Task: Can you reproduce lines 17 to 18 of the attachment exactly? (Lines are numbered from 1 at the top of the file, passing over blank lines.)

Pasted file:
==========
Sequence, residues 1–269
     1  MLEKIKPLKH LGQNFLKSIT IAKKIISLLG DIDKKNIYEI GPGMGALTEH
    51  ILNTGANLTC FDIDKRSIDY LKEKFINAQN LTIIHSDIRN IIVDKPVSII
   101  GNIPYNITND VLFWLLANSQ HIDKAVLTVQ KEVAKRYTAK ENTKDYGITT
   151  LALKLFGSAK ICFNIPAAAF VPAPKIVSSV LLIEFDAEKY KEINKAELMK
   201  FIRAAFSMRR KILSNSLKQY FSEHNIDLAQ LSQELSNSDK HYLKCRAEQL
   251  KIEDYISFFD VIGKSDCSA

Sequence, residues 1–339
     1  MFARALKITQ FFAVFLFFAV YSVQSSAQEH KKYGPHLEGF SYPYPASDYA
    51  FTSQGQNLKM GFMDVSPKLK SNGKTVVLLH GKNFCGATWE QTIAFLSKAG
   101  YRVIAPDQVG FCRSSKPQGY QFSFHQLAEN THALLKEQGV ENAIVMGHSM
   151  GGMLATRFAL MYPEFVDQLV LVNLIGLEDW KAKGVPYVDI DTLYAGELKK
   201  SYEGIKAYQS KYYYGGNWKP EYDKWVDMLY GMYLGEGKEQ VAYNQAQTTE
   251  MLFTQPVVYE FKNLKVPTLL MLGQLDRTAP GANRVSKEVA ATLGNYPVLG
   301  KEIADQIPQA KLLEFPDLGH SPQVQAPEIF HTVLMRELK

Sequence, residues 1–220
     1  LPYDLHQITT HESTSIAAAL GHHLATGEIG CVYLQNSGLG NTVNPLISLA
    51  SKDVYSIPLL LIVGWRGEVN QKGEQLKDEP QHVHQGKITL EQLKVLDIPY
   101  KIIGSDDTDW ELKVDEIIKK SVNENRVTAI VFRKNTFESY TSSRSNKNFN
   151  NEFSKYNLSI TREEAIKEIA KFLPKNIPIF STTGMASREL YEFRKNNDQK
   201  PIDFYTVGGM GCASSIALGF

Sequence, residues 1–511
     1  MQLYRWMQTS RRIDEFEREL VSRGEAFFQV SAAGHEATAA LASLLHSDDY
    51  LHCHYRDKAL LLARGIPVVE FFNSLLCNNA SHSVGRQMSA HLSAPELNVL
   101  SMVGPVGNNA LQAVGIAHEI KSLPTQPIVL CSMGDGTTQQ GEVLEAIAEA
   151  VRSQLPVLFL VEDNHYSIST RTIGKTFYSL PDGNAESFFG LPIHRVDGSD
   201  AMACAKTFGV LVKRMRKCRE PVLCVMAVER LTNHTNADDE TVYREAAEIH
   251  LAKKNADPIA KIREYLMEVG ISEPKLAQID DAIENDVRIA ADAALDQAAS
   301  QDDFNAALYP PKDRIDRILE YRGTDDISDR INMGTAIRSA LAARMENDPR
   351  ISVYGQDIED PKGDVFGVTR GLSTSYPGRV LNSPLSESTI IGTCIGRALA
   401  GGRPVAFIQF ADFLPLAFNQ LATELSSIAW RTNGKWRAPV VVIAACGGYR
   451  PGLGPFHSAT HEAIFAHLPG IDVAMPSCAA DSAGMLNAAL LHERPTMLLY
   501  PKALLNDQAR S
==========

     1  LPYDLHQITT HESTSIAAAL GHHLATGEIG CVYLQNSGLG NTVNPLISLA
    51  SKDVYSIPLL LIVGWRGEVN QKGEQLKDEP QHVHQGKITL EQLKVLDIPY